COVID-19: We've created a new online space for grassroots justice groups to discuss how to adapt and respond to the pandemic. Explore it here.
Lee el pronunciamiento en español aquí.
The global COVID-19 outbreak, together with the measures to prevent its spread and contain the pandemic, are not affecting us all in the same way. There are some at-risk groups for whom the effects of infection by the virus present the greatest harm. There are also especially vulnerable groups, who are being placed in an increasingly excluded and vulnerable position by countermeasures and collective precautions.
In order to leave no one behind, states in the region must prioritize the assistance of those that need the most support. Approaches to this health emergency must guarantee the right to health for everybody, without discrimination. To do so, the broad inequalities existing in Latin American societies must be accounted for. Resources must be distributed according to need, making sure that this emergency doesn’t displace, marginalize, impoverish, and increase the vulnerability of those living in the most difficult circumstances .
HOUSING: Among the most affected, we must think about people affected by homelessness, for whom the #stayathome slogan is impossible to fulfill and who require urgent assistance. Similarly, those living in informal settlements or low income neighborhoods, as well as refugee and IDP camps, suffer from lack of access to such basic services as potable water and healthcare. They also live in overcrowded spaces, making so-called “social distancing” difficult and creating potential hotspots for the spread of the virus . As the United Nations Special Rapporteur on Adequate Housing says, “Housing has become the front line defense against the coronavirus. Home has rarely been more of a life or death situation”. 
WORKERS: Without a doubt some of the most affected by this crisis are informal workers (who represent a large part of the population in the region’s big cities), unemployed workers, or workers with low wages. These people are compelled to continue working to earn an income, increasing their exposure to the virus under worsening job conditions, or else they lose their jobs and wages. Women, who are significantly engaged in informal and unpaid labor, are one of the most affected groups.
GENDER-BASED VIOLENCE: Confinement measures and restrictions on mobility increase the risks and obstacles for girls and women who are victims of gender-based violence, and who are forced to stay at home with their aggressors. As a recent report by UN Women recommends, “To recognize the impact of COVID-19 on women and girls, and ensure a response that addresses their needs and guarantees their rights is key to strengthening prevention, response and recovery efforts.”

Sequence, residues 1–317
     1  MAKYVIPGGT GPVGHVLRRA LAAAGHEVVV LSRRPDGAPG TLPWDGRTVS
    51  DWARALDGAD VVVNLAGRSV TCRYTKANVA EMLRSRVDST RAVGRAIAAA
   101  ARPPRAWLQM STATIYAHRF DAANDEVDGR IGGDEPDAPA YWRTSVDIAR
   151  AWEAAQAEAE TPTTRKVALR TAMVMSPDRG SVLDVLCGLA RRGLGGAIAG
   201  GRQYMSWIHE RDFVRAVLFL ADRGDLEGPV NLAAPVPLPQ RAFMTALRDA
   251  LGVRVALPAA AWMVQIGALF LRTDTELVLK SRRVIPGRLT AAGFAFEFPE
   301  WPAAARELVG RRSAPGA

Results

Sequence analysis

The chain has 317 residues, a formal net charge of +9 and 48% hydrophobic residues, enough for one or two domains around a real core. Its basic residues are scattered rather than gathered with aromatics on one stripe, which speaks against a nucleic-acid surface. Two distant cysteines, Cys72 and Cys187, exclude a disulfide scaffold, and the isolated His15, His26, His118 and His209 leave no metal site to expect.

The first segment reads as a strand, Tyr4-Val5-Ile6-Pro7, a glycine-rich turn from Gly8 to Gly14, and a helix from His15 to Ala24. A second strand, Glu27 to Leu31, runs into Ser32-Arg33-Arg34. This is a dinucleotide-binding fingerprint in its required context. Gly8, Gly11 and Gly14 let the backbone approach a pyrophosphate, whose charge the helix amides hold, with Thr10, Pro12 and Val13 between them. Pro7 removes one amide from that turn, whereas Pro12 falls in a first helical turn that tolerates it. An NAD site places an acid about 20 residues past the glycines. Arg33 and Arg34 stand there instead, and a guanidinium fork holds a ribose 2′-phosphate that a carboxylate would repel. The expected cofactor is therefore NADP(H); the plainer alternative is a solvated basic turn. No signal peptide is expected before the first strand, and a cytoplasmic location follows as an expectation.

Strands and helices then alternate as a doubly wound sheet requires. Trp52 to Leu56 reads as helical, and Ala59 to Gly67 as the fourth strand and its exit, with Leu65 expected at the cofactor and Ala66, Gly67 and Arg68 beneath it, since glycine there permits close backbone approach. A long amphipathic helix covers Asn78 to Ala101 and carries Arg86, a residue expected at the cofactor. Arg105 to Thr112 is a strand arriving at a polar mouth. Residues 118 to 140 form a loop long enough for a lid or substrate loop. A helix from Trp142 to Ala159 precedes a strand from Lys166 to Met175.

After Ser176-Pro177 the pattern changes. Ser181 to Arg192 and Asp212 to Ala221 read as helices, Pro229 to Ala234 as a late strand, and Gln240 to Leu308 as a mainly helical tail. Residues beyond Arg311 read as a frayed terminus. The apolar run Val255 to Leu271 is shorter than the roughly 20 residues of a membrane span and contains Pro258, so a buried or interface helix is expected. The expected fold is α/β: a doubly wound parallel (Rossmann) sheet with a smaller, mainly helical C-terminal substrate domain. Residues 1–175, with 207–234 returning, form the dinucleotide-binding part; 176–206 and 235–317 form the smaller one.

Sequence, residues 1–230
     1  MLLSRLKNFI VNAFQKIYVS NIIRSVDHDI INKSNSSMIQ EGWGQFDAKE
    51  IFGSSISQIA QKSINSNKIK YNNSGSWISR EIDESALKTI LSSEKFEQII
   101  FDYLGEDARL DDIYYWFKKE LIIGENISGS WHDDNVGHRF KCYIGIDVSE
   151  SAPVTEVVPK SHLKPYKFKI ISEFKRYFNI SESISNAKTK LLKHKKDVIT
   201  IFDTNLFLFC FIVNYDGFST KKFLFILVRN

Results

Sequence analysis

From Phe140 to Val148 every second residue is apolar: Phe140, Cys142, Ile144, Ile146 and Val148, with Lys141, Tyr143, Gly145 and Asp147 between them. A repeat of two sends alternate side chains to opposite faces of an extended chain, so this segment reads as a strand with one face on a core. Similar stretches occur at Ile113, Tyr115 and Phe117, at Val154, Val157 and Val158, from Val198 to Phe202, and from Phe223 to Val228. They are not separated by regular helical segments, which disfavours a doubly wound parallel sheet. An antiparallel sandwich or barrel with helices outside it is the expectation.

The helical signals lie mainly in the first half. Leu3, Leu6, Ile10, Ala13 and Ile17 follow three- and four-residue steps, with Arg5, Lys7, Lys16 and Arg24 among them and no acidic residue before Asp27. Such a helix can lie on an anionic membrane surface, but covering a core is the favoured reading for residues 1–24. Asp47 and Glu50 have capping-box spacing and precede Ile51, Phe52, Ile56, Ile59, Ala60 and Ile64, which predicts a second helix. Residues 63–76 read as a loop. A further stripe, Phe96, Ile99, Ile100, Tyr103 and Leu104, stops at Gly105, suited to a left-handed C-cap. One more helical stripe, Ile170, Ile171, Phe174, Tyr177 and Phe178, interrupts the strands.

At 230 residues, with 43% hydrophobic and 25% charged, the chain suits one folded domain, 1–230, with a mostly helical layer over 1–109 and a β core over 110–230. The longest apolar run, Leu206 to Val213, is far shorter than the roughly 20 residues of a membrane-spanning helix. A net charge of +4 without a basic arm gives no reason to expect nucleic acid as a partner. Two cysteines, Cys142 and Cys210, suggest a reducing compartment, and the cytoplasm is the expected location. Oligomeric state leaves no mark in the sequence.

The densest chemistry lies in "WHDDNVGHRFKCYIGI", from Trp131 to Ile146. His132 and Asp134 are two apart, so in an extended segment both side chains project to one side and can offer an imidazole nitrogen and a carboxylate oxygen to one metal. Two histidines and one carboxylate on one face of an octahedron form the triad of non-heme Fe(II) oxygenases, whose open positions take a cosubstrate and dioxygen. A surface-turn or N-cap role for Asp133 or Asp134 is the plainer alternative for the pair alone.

EXCESSIVE USE OF FORCE BY SECURITY FORCES: The potential use of measures adopted in the face of Coronavirus to repress, persecute, silence and even kill grassroots groups, social leaders, and human rights defenders is of particular concern. A group of rapporteurs and experts of the United Nations Human Rights Council affirmed that “emergency declarations based on the outbreak must not be used as grounds to target specific groups, minorities or individuals, nor work as an excuse for repressive actions with the pretext of protecting health. They mustn’t serve either to silence the work of human rights defenders”. 
MIGRANT PEOPLE are another of the highly affected groups in the current context. On the one hand, they are completely vulnerable to the denial of basic services and assistance of any kind, in addition to lacking a support network. On the other hand, the increased show of public force on the streets to enforce confinement measures and restriction of movements, combined with the demand of documentation and the implementation of other measures justified under extraordinary circumstances, elevates the deportation risk for people whose immigration status is in question. Migrants must also contend with xenophobic behaviour and other episodes arising from the socioeconomic crisis generated by the spread of the virus. In this context, migrant people will likely avoid accessing the health system or providing information about their health for fear of repercussions on their immigration status.